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Changing stakeholder perspectives: NGOs

In this Changing Stakeholder Perspectives series, we investigate the ways in which the New Normal – media anarchy, hyper-transparency, and interconnectivity – has fundamentally altered the relationship between businesses and their stakeholders and what this means for corporate reputation and external communications.

In preceding blogs, we examined how in a hyperconnected world, organisations are increasingly courting investors with authentic ESG policies; and attracting employees by aligning corporate ethos with people’s sense of purpose. Emerging among the most powerful stakeholders in helping, or hindering, companies in these aims are NGOs. Their influence over corporate behaviour has been accelerated by the transparency demanded in the New Normal.

NGOs in the New Normal

As a result of shifts in the way organisations communicate, and are communicated about, NGOs have become far more impactful in pursuing their agendas. With greater interconnectivity, the power of NGOs to reach and influence other stakeholders has increased. 

A decade ago, they stood on the sidelines, lobbying government, mounting mainstream advertising campaigns, and approaching people on the street to espouse their causes: they lacked the ability to directly influence the behaviour of company directors or the direction of companies. 

Today, they are on the pitch, directly targeting sympathetic supporters and, thanks to greater transparency in corporate reporting, wielding in-depth information about how organisations operate.

Media anarchy

As well influencing key stakeholders, NGOs are now able to harness the power of the people through mass movement, mobilising hundreds of thousands of supporters through online petitions, bespoke social media campaigns, popular protest and widespread shaming of organisations deemed to be behaving badly. 

NGOs are now able to connect people directly with their government representatives, or with corporate complaints departments, to demand change. The reach of this type of political pressure is proved by the ‘Revoke Article 50’ parliamentary petition, which achieved 6,103,057 signatures before it closed. 

A petition created on a site such as Change.org is a powerful tool for those with a cause: successful campaigns have included the freeing of Meriam Yehya Ibrahim, a Sudanese woman consigned to death row on religious charges, following pressure from 3.3m British signatories. The ability to use these tools to make individual voices heard, and to create a wave of influence, has changed the game for NGOs – and their dynamic within it.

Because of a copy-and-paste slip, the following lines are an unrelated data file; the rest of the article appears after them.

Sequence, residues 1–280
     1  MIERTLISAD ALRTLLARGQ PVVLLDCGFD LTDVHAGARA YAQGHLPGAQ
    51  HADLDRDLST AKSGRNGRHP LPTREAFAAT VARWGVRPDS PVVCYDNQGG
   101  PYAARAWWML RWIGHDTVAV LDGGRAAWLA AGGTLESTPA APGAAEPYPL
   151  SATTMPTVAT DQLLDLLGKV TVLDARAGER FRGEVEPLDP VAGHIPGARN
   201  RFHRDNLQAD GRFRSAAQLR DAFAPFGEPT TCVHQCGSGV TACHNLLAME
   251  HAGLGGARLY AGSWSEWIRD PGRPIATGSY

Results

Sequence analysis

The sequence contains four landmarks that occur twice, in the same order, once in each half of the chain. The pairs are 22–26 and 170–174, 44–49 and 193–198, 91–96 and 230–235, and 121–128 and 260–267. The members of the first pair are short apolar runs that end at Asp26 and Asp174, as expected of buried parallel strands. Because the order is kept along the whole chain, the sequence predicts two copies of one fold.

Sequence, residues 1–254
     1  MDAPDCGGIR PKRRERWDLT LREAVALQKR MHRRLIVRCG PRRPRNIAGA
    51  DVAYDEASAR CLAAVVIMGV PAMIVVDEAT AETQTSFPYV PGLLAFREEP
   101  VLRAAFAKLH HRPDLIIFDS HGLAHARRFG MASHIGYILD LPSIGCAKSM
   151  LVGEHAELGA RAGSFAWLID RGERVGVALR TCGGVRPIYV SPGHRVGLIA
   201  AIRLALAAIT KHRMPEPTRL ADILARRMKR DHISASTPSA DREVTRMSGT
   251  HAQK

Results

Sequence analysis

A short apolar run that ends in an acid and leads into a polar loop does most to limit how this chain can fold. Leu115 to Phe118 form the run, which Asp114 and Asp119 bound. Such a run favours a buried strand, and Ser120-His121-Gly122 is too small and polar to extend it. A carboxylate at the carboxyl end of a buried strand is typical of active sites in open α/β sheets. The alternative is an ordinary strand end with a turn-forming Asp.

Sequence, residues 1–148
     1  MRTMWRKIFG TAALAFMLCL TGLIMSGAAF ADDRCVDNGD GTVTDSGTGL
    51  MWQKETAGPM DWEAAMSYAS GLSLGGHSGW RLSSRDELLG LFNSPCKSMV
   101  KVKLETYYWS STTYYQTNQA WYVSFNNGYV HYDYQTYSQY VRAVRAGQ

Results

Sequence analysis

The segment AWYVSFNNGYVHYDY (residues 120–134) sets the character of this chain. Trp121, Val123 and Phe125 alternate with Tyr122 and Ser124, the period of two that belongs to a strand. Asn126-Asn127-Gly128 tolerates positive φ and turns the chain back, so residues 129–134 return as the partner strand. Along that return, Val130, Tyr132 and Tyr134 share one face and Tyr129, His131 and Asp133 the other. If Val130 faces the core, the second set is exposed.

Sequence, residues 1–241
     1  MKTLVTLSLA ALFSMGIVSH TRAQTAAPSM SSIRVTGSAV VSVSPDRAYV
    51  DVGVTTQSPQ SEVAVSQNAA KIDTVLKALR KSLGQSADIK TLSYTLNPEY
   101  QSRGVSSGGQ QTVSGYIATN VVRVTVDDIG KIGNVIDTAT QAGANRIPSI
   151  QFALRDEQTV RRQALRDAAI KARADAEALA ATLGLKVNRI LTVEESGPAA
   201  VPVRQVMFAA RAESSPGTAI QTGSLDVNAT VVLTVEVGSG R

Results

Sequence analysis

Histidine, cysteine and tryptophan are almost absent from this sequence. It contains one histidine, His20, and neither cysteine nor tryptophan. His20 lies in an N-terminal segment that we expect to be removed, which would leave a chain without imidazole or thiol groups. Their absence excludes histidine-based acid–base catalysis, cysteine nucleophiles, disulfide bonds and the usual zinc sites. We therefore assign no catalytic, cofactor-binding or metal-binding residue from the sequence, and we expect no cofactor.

Greater transparency in corporate reporting allows NGOs to more easily target certain companies; and those companies, not wanting to be negatively differentiated from the rest of their sector on a given topic, are more likely to change their behaviours. The risk of falling prey to a viral NGO campaign is very real in the hyperconnected world.  

NGOs have been quick to take advantage of their new power. Reporting from Greenpeace on plastics use has revealed that some multinationals are paying lip service to cutting down, while employing practises that lock in the use of plastic packaging. This has resulted in over 4 million people around the world joining the Greenpeace campaign demanding that corporations take action to end the plastic pollution. In 2015, the US government banned the use of plastic microbeads after it was shown that they were harming marine life. This change was brought about in part thanks to a community campaign by the Story of Stuff Project

In today’s hyperconnected world, NGOs aren’t just banging a drum on these issues: they are giving other stakeholders the data needed to make informed decisions about how they consume products, where they invest and which companies they choose to work for. 

Consumers, clearly, are a key stakeholder group influenced by NGO activity. In our next blog in this series, we look at how the new normal is empowering them to drive corporate action as never before.

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